culture, politics, commentary, criticism

Thursday, January 29, 2004
Flipside of the deficit. While the federal budget goes from double-plus to quintuple-minus, one well-connected company moves in the opposite direction (
WSJ, sub. req'd.):
Halliburton posted earnings from continuing operations [revenue jumped 63% due to the government-related business in the Middle East], which exclude the asbestos-related items, of $146 million, or 34 cents a share. A year earlier, the company reported a loss from continuing operations of $132 million, or 30 cents a share.
A loss of $132 million transforms into positive earnings of $146 million in just a year. How? One little war is all it took.

Of course, the company still managed to lose nearly a billion dollars anyway because of asbestos-related litigation and the "prepackaged bankruptcy of its DII Industries and Kellogg Brown & Root units."

All of which begs the question — was the war fought not only to restore George H. W. Bush's faulty legacy with respect to Gulf War I, but also Dick Cheney's faulty legacy with respect to his mismanagement of Halliburton?

As we've noted before, Halliburton's and therefore Cheney's financial secrets are safe now that its auditor Arthur Andersen was obliterated under the cover of the Enron scandal.

The Iraqi invasion killed two birds — Hussein ("he tried to kill my dad") and Halliburton's greedy missteps — with one stone, as it were, the stone being the fiscal health of the USA and the lives of hundreds of Americans and thousands of Iraqi civilians.

In Bush's and Cheney's minds that's a small price to pay for the ultimate historical legacy of a couple of privileged, secretive, deceitful, incompetent, useless men.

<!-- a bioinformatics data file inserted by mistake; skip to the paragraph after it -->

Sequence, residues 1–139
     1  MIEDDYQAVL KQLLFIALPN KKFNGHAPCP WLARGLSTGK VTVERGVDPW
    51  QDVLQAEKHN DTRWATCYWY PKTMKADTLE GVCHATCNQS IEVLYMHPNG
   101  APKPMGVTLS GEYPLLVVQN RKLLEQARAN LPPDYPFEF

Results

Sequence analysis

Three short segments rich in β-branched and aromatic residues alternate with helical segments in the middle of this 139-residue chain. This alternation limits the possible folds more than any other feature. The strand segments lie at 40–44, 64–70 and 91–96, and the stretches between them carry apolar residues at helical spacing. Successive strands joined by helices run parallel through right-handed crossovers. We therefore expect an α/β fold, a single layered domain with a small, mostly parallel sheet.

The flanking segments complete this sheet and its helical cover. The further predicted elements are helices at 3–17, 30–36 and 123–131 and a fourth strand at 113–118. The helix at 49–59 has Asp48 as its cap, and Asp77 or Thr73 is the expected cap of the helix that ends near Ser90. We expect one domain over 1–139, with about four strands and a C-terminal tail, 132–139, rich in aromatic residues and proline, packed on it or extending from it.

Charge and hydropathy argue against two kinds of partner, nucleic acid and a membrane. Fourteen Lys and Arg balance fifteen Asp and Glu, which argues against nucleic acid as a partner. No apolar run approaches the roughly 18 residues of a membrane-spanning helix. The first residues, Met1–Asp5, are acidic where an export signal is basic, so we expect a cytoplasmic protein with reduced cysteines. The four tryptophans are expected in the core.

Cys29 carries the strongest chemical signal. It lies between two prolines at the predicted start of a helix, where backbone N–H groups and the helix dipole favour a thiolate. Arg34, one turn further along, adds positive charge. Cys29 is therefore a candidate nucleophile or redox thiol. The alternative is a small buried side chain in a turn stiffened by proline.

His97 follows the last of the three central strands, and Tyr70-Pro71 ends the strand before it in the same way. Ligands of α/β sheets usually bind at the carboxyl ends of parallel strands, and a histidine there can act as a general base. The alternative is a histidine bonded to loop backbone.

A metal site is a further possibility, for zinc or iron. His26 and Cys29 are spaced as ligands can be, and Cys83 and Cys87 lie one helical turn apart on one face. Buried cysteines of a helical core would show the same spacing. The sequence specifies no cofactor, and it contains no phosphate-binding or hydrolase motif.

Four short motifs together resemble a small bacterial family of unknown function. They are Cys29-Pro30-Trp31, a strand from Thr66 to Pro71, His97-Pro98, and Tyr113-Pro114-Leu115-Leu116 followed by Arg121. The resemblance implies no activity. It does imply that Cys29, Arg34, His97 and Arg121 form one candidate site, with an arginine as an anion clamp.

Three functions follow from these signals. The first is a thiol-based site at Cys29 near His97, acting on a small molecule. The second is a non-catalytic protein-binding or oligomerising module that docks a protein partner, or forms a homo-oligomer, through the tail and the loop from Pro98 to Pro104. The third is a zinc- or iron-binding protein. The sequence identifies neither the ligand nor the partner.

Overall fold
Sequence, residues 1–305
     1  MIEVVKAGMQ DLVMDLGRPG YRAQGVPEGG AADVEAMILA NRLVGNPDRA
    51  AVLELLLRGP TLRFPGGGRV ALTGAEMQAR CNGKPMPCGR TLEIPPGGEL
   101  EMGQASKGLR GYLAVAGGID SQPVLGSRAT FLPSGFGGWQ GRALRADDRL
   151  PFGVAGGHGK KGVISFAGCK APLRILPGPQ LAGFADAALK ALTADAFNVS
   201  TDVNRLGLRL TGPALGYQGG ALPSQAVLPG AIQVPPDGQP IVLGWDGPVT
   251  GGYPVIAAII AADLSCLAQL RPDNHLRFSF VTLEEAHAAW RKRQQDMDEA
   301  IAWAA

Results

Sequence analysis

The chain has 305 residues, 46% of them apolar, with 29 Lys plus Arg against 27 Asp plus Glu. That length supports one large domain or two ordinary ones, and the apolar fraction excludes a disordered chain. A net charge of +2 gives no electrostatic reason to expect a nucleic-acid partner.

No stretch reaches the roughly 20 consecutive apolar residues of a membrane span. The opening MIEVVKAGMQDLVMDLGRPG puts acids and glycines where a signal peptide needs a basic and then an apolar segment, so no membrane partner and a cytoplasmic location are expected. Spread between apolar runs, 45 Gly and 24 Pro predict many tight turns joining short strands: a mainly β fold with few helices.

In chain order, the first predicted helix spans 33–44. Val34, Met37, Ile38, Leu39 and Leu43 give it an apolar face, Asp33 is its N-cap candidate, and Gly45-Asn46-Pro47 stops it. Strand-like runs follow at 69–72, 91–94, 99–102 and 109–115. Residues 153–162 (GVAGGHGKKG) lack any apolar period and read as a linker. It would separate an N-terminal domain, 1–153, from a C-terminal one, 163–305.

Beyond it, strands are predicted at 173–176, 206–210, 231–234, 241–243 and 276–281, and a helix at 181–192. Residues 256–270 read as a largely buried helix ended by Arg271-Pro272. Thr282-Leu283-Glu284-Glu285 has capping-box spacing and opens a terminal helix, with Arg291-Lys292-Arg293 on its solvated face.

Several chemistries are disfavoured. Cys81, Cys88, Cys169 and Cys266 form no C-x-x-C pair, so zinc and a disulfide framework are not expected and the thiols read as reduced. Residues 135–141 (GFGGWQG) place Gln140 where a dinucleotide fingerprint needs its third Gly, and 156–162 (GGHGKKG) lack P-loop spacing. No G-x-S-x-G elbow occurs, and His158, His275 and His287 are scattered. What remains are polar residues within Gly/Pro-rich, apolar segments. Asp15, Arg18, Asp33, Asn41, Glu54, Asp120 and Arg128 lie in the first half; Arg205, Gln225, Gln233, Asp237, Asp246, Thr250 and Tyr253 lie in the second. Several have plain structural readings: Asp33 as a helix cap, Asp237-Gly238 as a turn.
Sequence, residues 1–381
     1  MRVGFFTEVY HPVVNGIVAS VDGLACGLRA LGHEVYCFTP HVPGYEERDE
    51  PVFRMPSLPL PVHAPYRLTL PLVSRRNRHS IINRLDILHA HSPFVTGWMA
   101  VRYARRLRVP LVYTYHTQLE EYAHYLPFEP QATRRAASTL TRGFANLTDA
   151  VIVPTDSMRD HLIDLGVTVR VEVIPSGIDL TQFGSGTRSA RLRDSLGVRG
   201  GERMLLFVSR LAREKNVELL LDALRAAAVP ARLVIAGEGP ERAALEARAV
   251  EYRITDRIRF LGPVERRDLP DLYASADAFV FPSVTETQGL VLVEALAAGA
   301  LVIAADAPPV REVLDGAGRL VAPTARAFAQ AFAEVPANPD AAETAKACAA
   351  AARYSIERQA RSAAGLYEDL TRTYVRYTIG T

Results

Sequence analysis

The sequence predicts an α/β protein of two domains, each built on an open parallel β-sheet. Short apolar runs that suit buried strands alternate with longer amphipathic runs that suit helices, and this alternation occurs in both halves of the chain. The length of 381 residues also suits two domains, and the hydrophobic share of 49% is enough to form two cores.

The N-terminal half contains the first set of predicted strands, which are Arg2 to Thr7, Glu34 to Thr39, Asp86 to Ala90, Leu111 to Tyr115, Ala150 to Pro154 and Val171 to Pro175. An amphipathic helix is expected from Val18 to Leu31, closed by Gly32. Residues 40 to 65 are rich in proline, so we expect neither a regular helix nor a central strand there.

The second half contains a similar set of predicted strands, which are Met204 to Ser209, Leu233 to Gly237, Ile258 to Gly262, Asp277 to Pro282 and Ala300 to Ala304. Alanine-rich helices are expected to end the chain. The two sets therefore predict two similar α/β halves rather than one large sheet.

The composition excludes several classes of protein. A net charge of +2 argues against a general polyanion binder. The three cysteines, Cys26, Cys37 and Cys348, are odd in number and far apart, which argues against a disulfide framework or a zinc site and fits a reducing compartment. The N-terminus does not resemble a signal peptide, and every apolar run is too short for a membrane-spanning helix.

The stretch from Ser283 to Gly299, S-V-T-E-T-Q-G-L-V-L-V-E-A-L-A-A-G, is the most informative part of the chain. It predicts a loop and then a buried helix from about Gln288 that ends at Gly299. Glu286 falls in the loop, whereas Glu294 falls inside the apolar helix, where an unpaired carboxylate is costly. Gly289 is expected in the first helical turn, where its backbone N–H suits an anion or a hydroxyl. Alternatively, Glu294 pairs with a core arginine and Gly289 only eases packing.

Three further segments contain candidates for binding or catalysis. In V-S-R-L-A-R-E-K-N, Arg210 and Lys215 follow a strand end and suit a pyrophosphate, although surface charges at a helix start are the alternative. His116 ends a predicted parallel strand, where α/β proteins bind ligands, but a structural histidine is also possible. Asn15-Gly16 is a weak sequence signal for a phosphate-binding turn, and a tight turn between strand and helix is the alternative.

Greatest Hits · Alternatives to First Command Financial Planning · First Command, last resort, Part 3 · Part 2 · Part 1 · Stealing $50K from a widow: Wells Real Estate · Leo Wells, REITs and divine wealth · Sex-crazed Red State teenagers · What I hate: a manifesto · Spawn of Darleen Druyun · All-American high school sex party · Why is Ken Lay smiling? · Poppy's Enron birthday party · The Saudi money laundry and the president's uncle · The sentence of Enron's John Forney · The holiness of Neil Bush's marriage · The Silence of Cheney: a poem · South Park Christians · Capitalist against Bush: Warren Buffett · Fastow childen vs. Enron children · Give your prescription money to your old boss · Neil Bush, hard-working matchmaker · Republicans against fetuses and pregnant women · Emboldened Ken Lay · Faith-based jails · Please die for me so I can skip your funeral · A brief illustrated history of the Republican Party · Nancy Victory · Soldiers become accountants · Beware the Merrill Lynch mob · Darleen Druyun's $5.7 billion surprise · First responder funding · Hoovering the country · First Command fifty percent load · Ken Lay and the Atkins diet · Halliburton WMD · Leave no CEO behind · August in Crawford · Elaine Pagels · Profitable slave labor at Halliburton · Tom Hanks + Mujahideen · Sharon & Neilsie Bush · One weekend a month, or eternity · Is the US pumping Iraqi oil to Kuwait? · Cheney's war · Seth Glickenhaus: Capitalist against Bush · Martha's blow job · Mark Belnick: Tyco Catholic nut · Cheney's deferred Halliburton compensation · Jeb sucks sugar cane · Poindexter & LifeLog · American Family Association panic · Riley Bechtel and the crony economy · The Book of Sharon (Bush) · The Art of Enron · Plunder convention · Waiting in Kuwait: Jay Garner · What's an Army private worth? · Barbara Bodine, Queen of Baghdad · Sneaky bastards at Halliburton · Golf course and barbecue military strategy · Enron at large · Recent astroturf · Cracker Chic 2 · No business like war business · Big Brother · Martha Stewart vs. Thomas White · Roger Kimball, disappointed Republican poetry fan · Cheney, Lay, Afghanistan · Terry Lynn Barton, crimes of burning · Feasting at the Cheney trough · Who would Jesus indict? · Return of the Carlyle Group · Duct tape is for little people · GOP and bad medicine · Sears Tower vs Mt Rushmore · Scared Christians · Crooked playing field · John O'Neill: The man who knew · Back to the top

. . .